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Genetically-based olfactory signatures persist despite dietary variation.

Kwak J, Willse A, Matsumura K, Curran Opiekun M, Yi W, Preti G, Yamazaki K, Beauchamp GK - PLoS ONE (2008)

Bottom Line: Chemical analyses of urinary volatile organic compounds (VOCs) extracted by solid phase microextraction (SPME) and analyzed by gas chromatography/mass spectrometry (GC/MS) are consistent with this inference.Although diet influenced VOC variation more than MHC, with algorithmic training (supervised classification) MHC types could be accurately discriminated across different diets.Thus, although there are clear diet effects on urinary volatile profiles, they do not obscure MHC effects.

View Article: PubMed Central - PubMed

Affiliation: Monell Chemical Senses Center, Philadelphia, Pennsylvania, USA.

ABSTRACT
Individual mice have a unique odor, or odortype, that facilitates individual recognition. Odortypes, like other phenotypes, can be influenced by genetic and environmental variation. The genetic influence derives in part from genes of the major histocompatibility complex (MHC). A major environmental influence is diet, which could obscure the genetic contribution to odortype. Because odortype stability is a prerequisite for individual recognition under normal behavioral conditions, we investigated whether MHC-determined urinary odortypes of inbred mice can be identified in the face of large diet-induced variation. Mice trained to discriminate urines from panels of mice that differed both in diet and MHC type found the diet odor more salient in generalization trials. Nevertheless, when mice were trained to discriminate mice with only MHC differences (but on the same diet), they recognized the MHC difference when tested with urines from mice on a different diet. This indicates that MHC odor profiles remain despite large dietary variation. Chemical analyses of urinary volatile organic compounds (VOCs) extracted by solid phase microextraction (SPME) and analyzed by gas chromatography/mass spectrometry (GC/MS) are consistent with this inference. Although diet influenced VOC variation more than MHC, with algorithmic training (supervised classification) MHC types could be accurately discriminated across different diets. Thus, although there are clear diet effects on urinary volatile profiles, they do not obscure MHC effects.

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Comparison of t-statistics for within-diet MHC effects compared for two diets (top), and within-MHC Diet effects compared for two MHC types (bottom).Each number represents a compound, indexed in Table 3. Two separate test statistics are represented on horizontal and vertical axes. Horizontal and vertical dashed lines represent thresholds for statistical significance, so that the middle of central panel represents non-significance for both tests. Regarding the relative concentration of a certain compound, in the top panel, red color represents compounds where the concentration is higher in B6 than in B6-H2k and blue color represents compounds where the concentration is higher in B6-H2k than in B6 regardless of diet. In the bottom panel, orange color represents compounds where the concentration is higher in Diet L than in Diet S and green color represents compounds where the concentration is higher in Diet S than in Diet L regardless of MHC type. The pink color represents the single compound where the concentration is higher in Diet L under B6 MHC type, but is lower in Diet L under B6-H2k MHC type.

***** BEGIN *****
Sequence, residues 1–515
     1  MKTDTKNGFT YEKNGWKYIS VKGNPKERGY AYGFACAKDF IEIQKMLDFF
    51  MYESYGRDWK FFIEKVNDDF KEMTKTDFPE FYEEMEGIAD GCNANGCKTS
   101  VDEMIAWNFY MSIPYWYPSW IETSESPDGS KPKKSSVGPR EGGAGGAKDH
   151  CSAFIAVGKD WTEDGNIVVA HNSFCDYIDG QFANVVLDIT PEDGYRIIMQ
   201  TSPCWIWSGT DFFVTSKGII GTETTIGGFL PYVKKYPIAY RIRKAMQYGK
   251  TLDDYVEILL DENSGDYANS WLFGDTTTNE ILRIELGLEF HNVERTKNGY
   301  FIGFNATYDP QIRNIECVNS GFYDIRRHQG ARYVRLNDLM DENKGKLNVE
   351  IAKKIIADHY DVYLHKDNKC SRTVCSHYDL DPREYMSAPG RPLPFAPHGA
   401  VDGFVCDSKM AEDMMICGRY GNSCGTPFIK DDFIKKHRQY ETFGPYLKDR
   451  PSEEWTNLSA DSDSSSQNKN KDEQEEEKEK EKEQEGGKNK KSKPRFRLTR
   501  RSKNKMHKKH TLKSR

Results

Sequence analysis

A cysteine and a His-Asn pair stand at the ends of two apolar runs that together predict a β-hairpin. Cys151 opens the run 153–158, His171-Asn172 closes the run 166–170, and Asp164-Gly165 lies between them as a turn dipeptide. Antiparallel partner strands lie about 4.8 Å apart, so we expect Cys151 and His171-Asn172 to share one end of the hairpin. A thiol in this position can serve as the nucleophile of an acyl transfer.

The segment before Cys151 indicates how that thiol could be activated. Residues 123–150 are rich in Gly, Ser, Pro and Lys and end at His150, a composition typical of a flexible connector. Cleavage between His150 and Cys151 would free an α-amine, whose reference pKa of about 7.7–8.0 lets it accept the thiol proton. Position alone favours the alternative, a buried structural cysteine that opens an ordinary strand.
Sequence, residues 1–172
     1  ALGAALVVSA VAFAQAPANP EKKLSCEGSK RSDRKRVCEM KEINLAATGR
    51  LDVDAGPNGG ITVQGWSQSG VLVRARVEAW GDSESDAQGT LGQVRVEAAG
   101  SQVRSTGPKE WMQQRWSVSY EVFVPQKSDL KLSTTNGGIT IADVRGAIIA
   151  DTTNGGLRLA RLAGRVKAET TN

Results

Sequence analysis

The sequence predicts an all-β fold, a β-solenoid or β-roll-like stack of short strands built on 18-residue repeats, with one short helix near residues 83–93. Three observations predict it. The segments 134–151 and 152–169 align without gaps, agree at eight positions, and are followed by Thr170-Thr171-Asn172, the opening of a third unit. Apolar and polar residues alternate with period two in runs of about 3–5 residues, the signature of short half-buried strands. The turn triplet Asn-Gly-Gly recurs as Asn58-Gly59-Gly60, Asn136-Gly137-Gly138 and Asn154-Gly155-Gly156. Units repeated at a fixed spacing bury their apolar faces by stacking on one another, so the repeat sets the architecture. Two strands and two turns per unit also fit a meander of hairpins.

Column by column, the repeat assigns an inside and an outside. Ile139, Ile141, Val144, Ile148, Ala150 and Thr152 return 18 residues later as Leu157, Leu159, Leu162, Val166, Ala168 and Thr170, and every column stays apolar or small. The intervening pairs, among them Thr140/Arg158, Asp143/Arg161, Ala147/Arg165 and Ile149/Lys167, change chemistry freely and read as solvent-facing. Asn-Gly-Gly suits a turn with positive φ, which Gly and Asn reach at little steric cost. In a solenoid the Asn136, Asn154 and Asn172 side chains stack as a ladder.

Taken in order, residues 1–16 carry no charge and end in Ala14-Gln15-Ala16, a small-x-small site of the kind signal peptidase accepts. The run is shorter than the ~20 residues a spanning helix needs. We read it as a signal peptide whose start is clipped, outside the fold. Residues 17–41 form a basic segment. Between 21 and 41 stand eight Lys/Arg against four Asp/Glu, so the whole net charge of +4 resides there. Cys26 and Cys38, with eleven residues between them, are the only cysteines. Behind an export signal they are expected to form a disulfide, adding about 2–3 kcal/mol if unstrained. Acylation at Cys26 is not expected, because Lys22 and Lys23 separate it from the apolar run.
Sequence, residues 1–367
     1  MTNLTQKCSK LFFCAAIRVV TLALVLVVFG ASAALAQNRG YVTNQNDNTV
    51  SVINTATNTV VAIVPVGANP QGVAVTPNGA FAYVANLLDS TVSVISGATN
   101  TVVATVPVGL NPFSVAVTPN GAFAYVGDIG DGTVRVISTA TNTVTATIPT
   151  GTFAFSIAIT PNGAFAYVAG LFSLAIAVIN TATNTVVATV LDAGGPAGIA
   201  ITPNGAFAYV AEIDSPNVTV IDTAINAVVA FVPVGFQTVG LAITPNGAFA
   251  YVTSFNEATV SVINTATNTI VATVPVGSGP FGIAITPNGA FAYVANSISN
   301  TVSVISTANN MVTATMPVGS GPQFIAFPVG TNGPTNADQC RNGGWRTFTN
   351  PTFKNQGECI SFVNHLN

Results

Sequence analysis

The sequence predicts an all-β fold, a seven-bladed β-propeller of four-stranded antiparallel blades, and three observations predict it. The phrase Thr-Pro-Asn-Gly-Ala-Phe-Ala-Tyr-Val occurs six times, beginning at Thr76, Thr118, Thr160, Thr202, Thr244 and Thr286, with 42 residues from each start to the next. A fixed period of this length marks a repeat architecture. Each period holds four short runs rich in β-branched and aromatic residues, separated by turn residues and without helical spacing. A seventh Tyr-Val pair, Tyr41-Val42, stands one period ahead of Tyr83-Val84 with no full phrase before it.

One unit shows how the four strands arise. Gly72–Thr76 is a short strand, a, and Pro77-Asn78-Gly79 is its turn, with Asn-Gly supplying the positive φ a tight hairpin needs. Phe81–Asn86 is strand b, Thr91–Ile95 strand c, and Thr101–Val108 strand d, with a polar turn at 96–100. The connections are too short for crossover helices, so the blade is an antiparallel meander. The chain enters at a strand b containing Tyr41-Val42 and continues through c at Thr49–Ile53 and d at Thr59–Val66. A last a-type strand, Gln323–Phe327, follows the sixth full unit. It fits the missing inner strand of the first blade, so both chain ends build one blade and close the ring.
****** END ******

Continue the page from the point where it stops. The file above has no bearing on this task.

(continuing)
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pone-0003591-g002: Comparison of t-statistics for within-diet MHC effects compared for two diets (top), and within-MHC Diet effects compared for two MHC types (bottom).Each number represents a compound, indexed in Table 3. Two separate test statistics are represented on horizontal and vertical axes. Horizontal and vertical dashed lines represent thresholds for statistical significance, so that the middle of central panel represents non-significance for both tests. Regarding the relative concentration of a certain compound, in the top panel, red color represents compounds where the concentration is higher in B6 than in B6-H2k and blue color represents compounds where the concentration is higher in B6-H2k than in B6 regardless of diet. In the bottom panel, orange color represents compounds where the concentration is higher in Diet L than in Diet S and green color represents compounds where the concentration is higher in Diet S than in Diet L regardless of MHC type. The pink color represents the single compound where the concentration is higher in Diet L under B6 MHC type, but is lower in Diet L under B6-H2k MHC type.

Mentions: To further understand the influence of MHC×Diet interactions, and the stability of MHC effects across dietary treatments, we plotted t-statistics for MHC differences for a single dietary treatment verses the corresponding t-statistic for MHC differences on a different dietary treatment (see top panel of Figure 2). The positive correlation in the t-statistics of MHC differences across the two different diets (horizontal axis versus vertical axis) is an indication of MHC stability (or the relatively small influence of interactions). The bottom panel of Figure 2 compares t-statistics for diet differences, computed separately for each MHC type. Horizontal and vertical dashed lines represent thresholds for statistical significance, so that the middle of central panel represents non-significance for both tests. The threshold lines correspond to an approximate unadjusted p-value of .05 and false discovery rate of .10. Regarding the relative concentration of a certain compound, in the top panel, a positive threshold value indicates that the concentration is higher in B6 than in B6-H2k, whereas a negative one indicates the concentration is higher in B6-H2k. Likewise, in the bottom panel, a positive value indicates that the concentration is higher in Diet L than in Diet S, while a negative one indicates the concentration is higher in Diet S. In the top panel, for example, the threshold values of 2,3-dehydro-exo-brevicomin (id# 20) fall near zero on both axes, indicating no significant MHC effect. In the bottom panel, however, the values are away from zero (positive) on both axes which are an indication of a significant diet effect. Its concentration is higher in Diet L than in Diet S regardless of MHC type. In the case of 3-penten-2-one (id# 4), the positive values on both axes of the top panel indicate that its concentration is higher in B6 mice than in B6-H2k mice regardless of diet. The values for this compound in the bottom panel fall near zero on both axes, indicating no significant diet effect.